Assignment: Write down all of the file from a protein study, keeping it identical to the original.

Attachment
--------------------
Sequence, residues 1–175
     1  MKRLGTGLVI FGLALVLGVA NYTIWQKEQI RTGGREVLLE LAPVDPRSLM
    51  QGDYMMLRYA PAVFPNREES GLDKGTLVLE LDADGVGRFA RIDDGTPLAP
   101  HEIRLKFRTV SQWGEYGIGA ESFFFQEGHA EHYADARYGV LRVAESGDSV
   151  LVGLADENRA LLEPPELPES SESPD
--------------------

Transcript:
Sequence, residues 1–175
     1  MKRLGTGLVI FGLALVLGVA NYTIWQKEQI RTGGREVLLE LAPVDPRSLM
    51  QGDYMMLRYA PAVFPNREES GLDKGTLVLE LDADGVGRFA RIDDGTPLAP
   101  HEIRLKFRTV SQWGEYGIGA ESFFFQEGHA EHYADARYGV LRVAESGDSV
   151  LVGLADENRA LLEPPELPES SESPD